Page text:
Continuing the introductions … I’m Rich Murray, and I’m the Metadata Librarian in the Digital Collections Program. I’m based in the Cataloging & Metadata Services Department, and I work with Noah Huffman, the Archivist for Metadata & Encoding in the Rare Book, Manuscript, & Special Collections Library, to plan and create metadata for our digital collections.
What does that mean, exactly? Basically, Noah and I –- and the rest of the metadata team –- work to describe, organize, and allow users to discover the cool stuff in our digital collections. Metadata is “data about data,” and without it, a 5000-item digital collection is like 5000 photographs thrown into a big pile. You might be able to find what you want by going through them all one at a time, but it will probably take forever, and you may get to the end and discover that what you were looking for wasn’t in the big pile anyway.
With good metadata, though, you can find what you’re looking for much more efficiently and painlessly. We group objects into categories based on subject, format, time period, or anything else that makes sense. We apply captions to images, keywords to advertisements, plot summaries to videos, and anything else we think will help you find what you’re looking for. And if we’re doing our job right, the metadata we provide might even lead you to really, really cool stuff that you didn’t even know you were looking for.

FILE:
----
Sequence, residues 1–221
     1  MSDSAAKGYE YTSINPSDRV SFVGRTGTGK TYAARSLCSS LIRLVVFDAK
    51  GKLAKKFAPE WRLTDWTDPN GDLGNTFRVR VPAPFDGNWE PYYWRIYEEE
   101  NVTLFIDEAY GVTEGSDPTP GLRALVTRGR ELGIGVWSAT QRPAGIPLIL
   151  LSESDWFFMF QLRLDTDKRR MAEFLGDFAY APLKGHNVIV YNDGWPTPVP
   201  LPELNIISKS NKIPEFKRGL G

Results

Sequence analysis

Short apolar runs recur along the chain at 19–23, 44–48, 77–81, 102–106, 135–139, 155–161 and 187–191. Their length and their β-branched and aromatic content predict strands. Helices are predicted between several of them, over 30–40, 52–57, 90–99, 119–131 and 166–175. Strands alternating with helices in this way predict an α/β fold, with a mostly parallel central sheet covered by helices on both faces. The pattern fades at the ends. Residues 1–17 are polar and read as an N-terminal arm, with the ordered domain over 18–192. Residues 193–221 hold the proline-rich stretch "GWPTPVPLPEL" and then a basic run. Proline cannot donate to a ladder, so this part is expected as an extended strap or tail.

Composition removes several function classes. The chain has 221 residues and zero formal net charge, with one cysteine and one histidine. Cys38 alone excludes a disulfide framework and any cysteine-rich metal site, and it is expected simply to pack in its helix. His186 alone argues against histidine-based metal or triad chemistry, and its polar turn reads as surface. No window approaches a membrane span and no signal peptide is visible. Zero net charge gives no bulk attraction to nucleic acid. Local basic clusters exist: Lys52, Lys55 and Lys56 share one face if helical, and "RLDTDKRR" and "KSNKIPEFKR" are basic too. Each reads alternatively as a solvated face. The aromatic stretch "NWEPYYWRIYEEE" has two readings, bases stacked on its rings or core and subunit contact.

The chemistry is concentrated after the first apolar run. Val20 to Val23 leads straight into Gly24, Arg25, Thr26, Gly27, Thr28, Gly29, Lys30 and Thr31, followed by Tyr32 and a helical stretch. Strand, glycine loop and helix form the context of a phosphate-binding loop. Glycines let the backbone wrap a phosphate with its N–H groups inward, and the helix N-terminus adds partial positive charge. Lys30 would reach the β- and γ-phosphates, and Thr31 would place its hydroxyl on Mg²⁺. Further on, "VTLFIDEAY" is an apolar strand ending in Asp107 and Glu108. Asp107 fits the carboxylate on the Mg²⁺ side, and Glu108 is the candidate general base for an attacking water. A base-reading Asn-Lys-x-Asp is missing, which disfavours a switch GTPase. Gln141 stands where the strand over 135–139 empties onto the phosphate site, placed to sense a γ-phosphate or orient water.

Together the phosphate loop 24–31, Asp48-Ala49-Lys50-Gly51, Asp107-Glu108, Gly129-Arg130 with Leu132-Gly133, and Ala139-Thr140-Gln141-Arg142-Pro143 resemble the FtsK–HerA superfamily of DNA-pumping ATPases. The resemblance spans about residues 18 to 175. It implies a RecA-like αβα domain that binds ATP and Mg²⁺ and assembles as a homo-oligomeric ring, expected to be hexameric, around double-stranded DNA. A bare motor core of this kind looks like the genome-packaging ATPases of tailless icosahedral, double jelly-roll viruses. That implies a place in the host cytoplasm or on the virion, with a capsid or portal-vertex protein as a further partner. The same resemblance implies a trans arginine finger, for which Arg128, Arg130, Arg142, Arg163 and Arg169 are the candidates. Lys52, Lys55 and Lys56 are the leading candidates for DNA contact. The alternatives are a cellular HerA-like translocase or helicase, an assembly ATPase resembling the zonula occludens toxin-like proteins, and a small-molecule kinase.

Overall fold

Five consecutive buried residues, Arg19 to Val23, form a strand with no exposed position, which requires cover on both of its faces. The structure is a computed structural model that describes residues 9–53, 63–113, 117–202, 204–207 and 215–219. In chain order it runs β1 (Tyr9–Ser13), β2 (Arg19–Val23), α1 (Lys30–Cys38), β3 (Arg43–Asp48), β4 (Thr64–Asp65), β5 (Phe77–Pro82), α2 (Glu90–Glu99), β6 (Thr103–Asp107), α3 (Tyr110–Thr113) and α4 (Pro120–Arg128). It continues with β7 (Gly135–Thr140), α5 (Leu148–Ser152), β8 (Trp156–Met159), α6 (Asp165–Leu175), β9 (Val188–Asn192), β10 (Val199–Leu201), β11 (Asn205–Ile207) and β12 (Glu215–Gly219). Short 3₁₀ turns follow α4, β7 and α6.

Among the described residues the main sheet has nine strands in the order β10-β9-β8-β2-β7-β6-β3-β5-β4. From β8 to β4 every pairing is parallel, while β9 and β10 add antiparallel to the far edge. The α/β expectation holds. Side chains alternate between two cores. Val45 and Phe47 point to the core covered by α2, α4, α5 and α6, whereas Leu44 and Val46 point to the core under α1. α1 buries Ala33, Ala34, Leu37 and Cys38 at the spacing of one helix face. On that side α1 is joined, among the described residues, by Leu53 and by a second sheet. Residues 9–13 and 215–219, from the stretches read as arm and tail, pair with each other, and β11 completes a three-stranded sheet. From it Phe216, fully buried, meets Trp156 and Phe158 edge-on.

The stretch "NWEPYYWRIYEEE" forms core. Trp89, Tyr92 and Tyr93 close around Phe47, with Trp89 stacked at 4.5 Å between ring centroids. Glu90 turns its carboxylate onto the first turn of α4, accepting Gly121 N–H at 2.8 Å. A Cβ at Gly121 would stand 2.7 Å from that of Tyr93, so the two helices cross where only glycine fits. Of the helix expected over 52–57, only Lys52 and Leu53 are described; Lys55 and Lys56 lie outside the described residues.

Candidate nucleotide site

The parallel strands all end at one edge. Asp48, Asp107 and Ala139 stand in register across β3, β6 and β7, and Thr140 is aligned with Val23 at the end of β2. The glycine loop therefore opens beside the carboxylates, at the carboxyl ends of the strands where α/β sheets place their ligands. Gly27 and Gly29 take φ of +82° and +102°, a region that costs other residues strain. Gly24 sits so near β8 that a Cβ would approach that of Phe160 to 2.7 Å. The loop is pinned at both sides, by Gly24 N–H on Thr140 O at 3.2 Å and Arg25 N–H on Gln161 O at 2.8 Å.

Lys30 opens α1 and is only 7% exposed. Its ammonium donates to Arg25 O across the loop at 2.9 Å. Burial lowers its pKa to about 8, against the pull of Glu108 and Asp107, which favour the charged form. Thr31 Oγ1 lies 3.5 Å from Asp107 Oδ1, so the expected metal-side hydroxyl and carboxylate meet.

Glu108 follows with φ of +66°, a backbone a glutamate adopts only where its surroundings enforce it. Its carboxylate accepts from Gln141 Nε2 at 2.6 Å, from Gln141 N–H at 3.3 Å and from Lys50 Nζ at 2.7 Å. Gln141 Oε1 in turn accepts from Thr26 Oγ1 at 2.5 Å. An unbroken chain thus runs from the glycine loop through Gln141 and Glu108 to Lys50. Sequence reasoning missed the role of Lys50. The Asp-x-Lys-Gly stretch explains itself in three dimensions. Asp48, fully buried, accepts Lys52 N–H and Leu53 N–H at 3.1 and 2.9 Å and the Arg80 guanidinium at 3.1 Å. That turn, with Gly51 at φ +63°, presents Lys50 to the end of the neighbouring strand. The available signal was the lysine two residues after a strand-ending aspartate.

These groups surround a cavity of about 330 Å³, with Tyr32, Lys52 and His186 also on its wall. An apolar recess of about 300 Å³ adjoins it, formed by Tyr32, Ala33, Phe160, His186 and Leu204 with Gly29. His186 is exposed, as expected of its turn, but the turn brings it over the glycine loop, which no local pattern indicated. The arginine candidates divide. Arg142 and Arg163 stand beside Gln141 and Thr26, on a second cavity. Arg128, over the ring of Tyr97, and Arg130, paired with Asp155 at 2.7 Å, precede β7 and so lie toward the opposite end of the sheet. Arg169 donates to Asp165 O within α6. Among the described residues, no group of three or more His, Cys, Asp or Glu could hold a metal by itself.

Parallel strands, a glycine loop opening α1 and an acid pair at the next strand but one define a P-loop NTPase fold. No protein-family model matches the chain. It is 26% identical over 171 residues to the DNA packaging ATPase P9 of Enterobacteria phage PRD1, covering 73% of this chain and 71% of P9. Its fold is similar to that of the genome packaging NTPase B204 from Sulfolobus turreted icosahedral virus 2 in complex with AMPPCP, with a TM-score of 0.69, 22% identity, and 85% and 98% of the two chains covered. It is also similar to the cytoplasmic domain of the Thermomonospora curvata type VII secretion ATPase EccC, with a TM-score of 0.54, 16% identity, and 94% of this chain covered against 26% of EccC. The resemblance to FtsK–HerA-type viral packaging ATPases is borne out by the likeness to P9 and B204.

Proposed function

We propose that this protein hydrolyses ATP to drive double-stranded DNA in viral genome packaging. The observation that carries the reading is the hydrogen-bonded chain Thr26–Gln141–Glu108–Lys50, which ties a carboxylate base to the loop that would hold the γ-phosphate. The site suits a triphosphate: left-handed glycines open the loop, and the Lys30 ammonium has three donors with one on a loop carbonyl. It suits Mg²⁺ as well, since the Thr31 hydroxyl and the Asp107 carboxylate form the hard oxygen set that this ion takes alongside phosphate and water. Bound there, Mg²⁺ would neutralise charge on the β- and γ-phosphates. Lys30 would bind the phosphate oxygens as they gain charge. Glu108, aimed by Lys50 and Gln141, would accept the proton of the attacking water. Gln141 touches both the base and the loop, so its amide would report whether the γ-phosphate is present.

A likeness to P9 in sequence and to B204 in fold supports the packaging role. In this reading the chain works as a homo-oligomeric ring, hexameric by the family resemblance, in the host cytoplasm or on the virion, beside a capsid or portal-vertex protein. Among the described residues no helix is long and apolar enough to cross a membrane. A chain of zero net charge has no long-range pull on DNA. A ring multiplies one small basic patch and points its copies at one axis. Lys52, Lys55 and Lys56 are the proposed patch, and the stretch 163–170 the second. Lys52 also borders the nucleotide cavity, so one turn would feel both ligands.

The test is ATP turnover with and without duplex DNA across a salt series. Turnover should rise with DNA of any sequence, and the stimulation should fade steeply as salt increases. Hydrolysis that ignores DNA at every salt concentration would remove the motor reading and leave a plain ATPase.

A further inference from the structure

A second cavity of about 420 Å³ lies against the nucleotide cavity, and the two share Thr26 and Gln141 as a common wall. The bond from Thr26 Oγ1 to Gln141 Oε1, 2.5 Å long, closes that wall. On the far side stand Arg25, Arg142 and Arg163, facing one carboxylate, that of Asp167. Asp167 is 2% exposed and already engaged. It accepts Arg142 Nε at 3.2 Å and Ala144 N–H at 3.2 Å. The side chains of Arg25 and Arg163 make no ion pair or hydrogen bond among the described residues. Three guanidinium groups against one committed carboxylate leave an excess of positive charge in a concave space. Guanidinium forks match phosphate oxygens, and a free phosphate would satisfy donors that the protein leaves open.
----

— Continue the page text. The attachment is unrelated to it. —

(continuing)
Fortunately, Noah and I don’t have to do all this on our own. We work with a great group of folks, including the rest of the Digital Collections Implementation Team, the Metadata Advisory Group, and other staff throughout the libraries. It’s a team effort, and as our Digital Collections Program grows, more and more of us are involved in making it happen.
The other part of my job, which may sound completely unrelated at first but really isn’t, is serving as the Catalog Librarian for Spanish & Portuguese (and Catalan and Galician) Languages. Both parts of my job involve describing, arranging, and providing access to the library’s collections so you can find what you need.
Metadata isn’t something new –- it’s what librarians and archivists have been doing all along, even if we called it something else. Connecting people and ideas is what do best, and as part of the Digital Collections Program, I get to spend my days bringing some truly remarkable resources to an audience around the world. It doesn’t get much better than that.